Skip to main content
eScholarship
Open Access Publications from the University of California

Lutein, zeaxanthin, macular pigment, and visual function in adult cystic fibrosis patients

  • Author(s): Schupp, C
  • Olano-Martin, E
  • Gerth, C
  • Morrissey, BM
  • Cross, CE
  • Werner, JS
  • et al.
Abstract

Background: Pancreatic insufficiency in cystic fibrosis (CF), even with replacement pancreatic enzyme therapy, is often associated with decreased carotenoid absorption. Because the macular pigment of the retina is largely derived from 2 carotenoids, lutein and zeaxanthin, the decreased serum concentrations seen in CF may have consequences for ocular and retinal health Objectives: Our aims were to determine plasma carotenoid concentrations, determine absorption and distribution of macular pigment, and assess retinal health and visual function in CF patients. Design: In 10 adult CF patients (ages 21-47 y) and 10 age- and sex-matched healthy control subjects, we measured macular pigment density in vivo, measured serum lutein and zeaxanthin concentrations, and comprehensively assessed visual performance (including contrast sensitivity, color discrimination, and retinal function) under conditions of daylight illumination. Results: Serum lutein and zeaxanthin were significantly reduced (P<0.005) in CF patients (x-± SD: 87 ± 36.1 and 27 ± 15.8 nmol/L, respectively) compared with control subjects (190 ± 72.1 and 75 ± 23.6 nmol/L, respectively). Although macular pigment optical density was significantly lower (P < 0.0001) in the CF group (0.24 ± 0.11) than in the control group (0.53 ± 0.12), no significant differences in visual function were observed. Conclusions: Adults with CF have dramatically low serum and macular concentrations of carotenoids (lutein and zeaxanthin), but their ocular status and visual function are surprisingly good. The clinical implications of low plasma concentrations of carotenoids in CF are yet to be clarified. © 2004 American Society for Clinical Nutrition.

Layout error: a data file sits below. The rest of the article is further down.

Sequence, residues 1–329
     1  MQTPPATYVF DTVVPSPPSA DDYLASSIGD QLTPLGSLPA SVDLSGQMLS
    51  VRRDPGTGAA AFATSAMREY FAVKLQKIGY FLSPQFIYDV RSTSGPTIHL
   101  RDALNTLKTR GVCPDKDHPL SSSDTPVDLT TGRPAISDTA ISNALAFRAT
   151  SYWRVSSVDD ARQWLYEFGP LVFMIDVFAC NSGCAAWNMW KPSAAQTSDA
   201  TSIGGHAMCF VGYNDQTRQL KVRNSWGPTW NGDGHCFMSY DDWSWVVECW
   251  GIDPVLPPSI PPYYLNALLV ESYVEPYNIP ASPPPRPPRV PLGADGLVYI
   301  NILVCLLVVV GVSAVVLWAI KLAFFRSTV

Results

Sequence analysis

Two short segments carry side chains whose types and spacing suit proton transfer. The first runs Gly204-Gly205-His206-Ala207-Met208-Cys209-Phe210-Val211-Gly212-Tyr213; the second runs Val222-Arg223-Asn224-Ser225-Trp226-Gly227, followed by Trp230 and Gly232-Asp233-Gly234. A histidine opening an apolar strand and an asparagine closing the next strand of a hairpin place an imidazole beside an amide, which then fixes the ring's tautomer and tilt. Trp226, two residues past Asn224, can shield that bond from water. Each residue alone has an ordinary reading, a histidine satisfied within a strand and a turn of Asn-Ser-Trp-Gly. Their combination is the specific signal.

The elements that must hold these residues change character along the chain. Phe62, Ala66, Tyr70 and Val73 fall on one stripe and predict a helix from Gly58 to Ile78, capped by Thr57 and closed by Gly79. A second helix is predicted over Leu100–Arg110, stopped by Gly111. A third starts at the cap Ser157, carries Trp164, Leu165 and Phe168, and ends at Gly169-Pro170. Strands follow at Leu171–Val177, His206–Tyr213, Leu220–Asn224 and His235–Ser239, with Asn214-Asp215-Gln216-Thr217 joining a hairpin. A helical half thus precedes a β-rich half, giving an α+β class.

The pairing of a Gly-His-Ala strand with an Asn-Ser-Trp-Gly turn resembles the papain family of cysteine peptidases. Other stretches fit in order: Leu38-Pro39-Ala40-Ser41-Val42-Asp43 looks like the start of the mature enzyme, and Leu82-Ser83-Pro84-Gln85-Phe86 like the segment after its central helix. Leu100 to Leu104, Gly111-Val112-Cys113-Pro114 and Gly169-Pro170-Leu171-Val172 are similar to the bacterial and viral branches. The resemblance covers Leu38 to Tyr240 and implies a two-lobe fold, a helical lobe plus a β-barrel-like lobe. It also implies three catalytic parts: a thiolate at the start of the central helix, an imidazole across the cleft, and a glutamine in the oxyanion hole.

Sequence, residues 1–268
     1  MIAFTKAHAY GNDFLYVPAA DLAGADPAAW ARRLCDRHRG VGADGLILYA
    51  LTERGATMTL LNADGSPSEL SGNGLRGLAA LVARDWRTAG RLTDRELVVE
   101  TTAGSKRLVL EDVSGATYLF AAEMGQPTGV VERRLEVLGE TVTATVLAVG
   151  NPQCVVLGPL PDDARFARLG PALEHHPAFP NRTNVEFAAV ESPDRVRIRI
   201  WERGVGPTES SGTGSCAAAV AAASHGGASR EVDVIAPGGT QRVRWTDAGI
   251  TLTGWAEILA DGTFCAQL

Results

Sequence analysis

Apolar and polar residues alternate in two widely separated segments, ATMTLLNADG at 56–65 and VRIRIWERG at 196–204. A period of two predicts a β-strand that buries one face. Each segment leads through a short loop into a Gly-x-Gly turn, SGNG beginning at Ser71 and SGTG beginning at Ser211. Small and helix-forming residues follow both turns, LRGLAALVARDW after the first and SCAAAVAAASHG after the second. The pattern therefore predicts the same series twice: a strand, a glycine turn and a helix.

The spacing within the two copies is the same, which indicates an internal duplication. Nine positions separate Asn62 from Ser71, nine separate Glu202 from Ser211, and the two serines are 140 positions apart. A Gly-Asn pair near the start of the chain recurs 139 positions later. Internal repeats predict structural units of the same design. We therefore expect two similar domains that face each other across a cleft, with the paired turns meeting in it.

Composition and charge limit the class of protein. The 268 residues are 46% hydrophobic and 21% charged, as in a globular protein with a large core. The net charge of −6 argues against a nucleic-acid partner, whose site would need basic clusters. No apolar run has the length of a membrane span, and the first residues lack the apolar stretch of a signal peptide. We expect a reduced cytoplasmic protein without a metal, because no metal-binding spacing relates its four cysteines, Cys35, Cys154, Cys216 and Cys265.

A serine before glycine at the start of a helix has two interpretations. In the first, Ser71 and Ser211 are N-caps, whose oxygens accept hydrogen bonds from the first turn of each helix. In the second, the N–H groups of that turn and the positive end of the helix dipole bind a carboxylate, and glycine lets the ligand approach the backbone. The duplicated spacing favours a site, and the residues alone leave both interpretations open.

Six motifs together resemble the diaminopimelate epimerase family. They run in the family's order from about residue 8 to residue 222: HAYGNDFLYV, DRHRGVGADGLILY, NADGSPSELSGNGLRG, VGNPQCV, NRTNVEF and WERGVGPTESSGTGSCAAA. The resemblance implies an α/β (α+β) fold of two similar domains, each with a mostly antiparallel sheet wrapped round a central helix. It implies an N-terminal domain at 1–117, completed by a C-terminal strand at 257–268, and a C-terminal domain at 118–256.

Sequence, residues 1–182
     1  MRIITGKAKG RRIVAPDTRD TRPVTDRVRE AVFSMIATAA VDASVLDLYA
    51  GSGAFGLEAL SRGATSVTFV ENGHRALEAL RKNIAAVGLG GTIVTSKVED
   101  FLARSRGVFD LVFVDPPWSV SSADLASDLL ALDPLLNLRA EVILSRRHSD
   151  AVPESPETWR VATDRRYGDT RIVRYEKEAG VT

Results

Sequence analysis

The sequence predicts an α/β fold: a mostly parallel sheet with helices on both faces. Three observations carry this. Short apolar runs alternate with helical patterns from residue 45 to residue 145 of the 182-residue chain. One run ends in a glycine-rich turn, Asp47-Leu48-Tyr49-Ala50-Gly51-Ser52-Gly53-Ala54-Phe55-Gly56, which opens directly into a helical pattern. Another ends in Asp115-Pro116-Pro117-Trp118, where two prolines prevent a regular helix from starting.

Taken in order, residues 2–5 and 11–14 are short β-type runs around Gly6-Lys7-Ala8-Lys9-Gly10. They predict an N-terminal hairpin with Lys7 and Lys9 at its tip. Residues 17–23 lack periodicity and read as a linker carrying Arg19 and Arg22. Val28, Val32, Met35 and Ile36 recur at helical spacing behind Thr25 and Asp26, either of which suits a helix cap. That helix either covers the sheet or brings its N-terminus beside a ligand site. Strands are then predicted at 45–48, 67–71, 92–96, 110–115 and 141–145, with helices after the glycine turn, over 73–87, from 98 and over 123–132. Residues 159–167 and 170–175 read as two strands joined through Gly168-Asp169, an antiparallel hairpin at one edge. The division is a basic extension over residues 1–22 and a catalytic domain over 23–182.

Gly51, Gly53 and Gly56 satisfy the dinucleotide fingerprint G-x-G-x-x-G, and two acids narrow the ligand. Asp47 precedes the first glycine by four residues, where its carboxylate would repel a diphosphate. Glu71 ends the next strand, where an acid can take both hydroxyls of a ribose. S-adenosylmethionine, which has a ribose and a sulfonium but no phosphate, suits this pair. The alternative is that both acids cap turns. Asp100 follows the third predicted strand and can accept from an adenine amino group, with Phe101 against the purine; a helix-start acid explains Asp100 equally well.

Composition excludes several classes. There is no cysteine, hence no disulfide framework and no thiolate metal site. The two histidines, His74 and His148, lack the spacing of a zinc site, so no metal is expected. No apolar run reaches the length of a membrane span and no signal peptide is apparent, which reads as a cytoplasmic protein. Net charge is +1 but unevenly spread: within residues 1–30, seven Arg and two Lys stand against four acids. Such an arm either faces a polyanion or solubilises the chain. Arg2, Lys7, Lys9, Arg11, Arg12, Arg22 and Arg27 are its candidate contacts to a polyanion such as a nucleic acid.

Many UC-authored scholarly publications are freely available on this site because of the UC Academic Senate's Open Access Policy. Let us know how this access is important for you.

Main Content
Current View